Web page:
So I’m trying to play catch-up on Thanksgiving and fall crafts as I just started my blog this week. This past Friday night a friend of mine came over for Shabbat dinner. If you don’t know what Shabbat is it’s the Jewish Sabbath dinner that we have on Friday night. I cook from Wednesday to Friday a variety of Moroccan dishes as that’s my husband’s background and often times I try to invite a friend over and share in this tradition with them. I love this particular night of the week because it’s the one time a week that we as a family sit down for dinner.  My husband owns his own business and so the rest of the week it’s really touch and go as to what time he’ll come home. On Friday night we sing songs, we light candles, and we eat fresh baked bread. It’s really special and Ben loves it!  So this week my friend Man stopped by and she’s an art teacher as well. I asked her if she had any good ideas for a fall time craft as my curriculum had to have a last minute change for a playgroup this week.  She suggested rain sticks that she had been making with her art and yoga class. So I went ahead and took her advice.  My tutorial is below.


Using a hot glue gun glue a toilet paper or towel paper roll onto a piece of scrap paper.


Cut off the excess paper and roll up a piece of silver foil,stuff inside the tube.  The tinfoil slows down the rice from falling inside the rain stick.  Add some rice -just a half a handful


Glue a piece of scrap paper onto the other side making sure you’re holding your tube upwards so the rice and tinfoil don’t fall out.


Decorate with bingo markers or paint. My playgroup used bingo markers last night.  You can purchase them online my husband picked up a bunch in the casino last year.  They’re great for babies who are beginning to do art.

To finish I took a piece of yarn and some beads- strung the beads onto the yarn.  I inserted a feather into the beads and put a drop of hot glue to secure the feather inside the beads.  Then I took the two ends of the yarn wrapped it around the tube, tying them shut.  I put a couple drops of hot glue on the yarn that I had tied so it would stay in place on the tube.

This was such an easy, fun, and fast craft with the kids. They loved to shake the rain stick and hear the rice inside. It’s a great little activity for the little ones at your Thanksgiving dinner. And hardly cost any money!

Here’s a photo of all of Ben’s crafts from last night together.

Feeling Thankful

This is the first year I will be cooking Thanksgiving dinner albeit-a vegetarian Thanksgiving dinner.  So to make the house warm and inviting I’m setting out decorations and thinking of cute ways to incorporate the art my children make into the home.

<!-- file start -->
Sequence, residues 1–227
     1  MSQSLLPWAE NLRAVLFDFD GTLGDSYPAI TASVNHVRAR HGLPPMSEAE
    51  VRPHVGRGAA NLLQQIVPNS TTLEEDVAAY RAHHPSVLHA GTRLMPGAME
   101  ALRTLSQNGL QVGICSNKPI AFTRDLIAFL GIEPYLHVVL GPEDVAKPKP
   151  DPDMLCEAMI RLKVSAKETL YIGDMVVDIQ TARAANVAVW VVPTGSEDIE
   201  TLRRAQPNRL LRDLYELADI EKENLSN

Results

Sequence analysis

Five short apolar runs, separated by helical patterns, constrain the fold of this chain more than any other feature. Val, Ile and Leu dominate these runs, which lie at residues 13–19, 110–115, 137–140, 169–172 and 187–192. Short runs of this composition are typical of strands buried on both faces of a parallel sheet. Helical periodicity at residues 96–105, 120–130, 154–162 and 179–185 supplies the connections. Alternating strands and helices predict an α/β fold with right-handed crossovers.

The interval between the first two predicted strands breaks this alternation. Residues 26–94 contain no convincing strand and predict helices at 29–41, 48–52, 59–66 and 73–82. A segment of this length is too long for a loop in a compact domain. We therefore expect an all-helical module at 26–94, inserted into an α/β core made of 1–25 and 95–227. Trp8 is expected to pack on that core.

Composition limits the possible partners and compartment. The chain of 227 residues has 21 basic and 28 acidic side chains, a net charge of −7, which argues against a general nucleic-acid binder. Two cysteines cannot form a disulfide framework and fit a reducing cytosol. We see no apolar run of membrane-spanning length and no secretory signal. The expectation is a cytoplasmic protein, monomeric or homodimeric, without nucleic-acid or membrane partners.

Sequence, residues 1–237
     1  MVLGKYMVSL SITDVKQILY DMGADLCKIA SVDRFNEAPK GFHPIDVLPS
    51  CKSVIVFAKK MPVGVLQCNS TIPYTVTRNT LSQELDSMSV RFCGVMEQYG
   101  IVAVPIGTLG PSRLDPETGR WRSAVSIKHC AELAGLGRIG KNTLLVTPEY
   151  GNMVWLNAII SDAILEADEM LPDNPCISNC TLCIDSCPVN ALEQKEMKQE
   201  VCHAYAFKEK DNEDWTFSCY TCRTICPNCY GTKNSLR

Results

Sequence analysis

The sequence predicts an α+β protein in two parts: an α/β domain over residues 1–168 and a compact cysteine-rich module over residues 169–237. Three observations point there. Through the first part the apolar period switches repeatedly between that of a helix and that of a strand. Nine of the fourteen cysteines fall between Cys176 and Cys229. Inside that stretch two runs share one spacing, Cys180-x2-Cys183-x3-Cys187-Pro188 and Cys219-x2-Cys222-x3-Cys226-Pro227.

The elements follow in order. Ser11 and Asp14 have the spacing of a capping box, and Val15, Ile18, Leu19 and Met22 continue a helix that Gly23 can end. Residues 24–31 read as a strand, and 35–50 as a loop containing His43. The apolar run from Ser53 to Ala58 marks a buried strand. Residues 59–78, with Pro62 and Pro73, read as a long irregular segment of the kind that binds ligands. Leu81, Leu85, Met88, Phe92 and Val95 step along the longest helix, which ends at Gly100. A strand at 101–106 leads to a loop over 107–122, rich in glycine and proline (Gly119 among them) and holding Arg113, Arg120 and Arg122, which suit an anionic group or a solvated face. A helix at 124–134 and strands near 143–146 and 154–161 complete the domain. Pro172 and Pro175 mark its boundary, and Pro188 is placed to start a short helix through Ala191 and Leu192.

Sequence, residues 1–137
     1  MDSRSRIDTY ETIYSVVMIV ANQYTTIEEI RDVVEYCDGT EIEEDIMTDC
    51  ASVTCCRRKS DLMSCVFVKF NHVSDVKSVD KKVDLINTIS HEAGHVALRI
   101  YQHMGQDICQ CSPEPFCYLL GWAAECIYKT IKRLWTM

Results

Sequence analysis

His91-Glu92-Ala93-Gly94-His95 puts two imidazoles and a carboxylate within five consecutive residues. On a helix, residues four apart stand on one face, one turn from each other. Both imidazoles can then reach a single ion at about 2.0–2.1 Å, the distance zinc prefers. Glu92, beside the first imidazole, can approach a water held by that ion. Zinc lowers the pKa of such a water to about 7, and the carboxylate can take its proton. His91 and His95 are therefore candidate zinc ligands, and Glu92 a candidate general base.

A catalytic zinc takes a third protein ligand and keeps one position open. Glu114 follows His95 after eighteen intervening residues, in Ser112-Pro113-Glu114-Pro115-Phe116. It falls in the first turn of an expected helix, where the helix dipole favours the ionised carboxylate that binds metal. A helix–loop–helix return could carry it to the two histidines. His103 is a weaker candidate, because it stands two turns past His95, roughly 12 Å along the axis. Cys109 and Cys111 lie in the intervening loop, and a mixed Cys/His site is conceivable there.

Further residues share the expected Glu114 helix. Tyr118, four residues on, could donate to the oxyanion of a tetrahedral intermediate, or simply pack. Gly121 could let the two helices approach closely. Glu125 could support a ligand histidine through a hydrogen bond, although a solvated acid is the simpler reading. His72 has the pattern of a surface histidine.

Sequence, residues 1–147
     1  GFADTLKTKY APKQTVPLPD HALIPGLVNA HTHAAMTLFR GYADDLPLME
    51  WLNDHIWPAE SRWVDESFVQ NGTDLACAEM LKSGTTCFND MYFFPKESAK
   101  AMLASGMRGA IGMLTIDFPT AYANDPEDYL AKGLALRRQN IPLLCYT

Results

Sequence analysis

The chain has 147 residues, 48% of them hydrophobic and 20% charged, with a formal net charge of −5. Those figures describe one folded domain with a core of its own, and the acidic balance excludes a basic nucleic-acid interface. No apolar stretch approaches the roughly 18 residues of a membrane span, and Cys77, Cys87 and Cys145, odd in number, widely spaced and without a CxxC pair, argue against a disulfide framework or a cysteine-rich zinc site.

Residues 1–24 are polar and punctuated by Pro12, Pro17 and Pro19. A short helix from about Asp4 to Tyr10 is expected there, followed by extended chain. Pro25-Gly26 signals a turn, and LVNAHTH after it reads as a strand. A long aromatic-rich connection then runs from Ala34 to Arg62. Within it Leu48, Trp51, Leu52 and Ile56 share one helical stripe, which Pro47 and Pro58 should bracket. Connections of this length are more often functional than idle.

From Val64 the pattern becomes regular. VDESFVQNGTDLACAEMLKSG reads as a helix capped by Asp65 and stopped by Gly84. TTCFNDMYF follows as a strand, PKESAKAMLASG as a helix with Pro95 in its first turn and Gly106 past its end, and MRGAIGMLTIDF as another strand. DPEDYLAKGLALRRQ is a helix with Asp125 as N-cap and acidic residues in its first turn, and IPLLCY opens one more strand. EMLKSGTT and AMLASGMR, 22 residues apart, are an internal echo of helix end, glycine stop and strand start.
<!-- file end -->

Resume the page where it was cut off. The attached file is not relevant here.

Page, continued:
One of my favorite projects I did with Ben was when he was one years old we created a platter together. I used a white dinner plate from the Dollar Store and acrylic paint that I found at Michael’s in different fall colors (true red, yellow, and orange) to create a keepsake that I would use for decades to come.

Using a sponge brush I applied a thin coat of yellow acrylic paint to Ben’s hand and made sure that I spread his fingers apart and carefully placed each finger onto the plate to make handprints. I didn’t bother washing off the colors in between because I worked from  light to dark and just by stamping his hand it took off so much paint.  I found paint pens at Target to write Happy Fall and Ben’s name and the year -then followed up with Mod Podge that is dishwasher safe. After applying three even, thin coats of Mod Podge you have to let it sit for 30 days before you ever use the plate. I personally am not using the plate for food I display it every fall with a little stand that I got at Michael’s. I used the same tech nique with the sponge brush and working from light to dark fall colors this year with both of my sons in a diptych painting we created.  

A diptych is a painting made of two components whether they are canvas or wood or paper.  We did my older son’s handprints and my baby’s footprints for this project. I stamped each of them equally on each canvas so I would have a good variety of shapes throughout the diptych. Afterwards I used a chiseled Sharpie pen to draw leaf shapes around their hands, adding veins to the leaves.  Inspired by Van Gogh’s Starry Night and his swirling lines I created some small wavy and swirly lines around the leaves to make it look like they’re dancing in the wind.

I may not have the crisp fall weather and foliage in Las Vegas like I did growing up in upstate New York,  but at least through art I can express the feelings the season gave me growing up.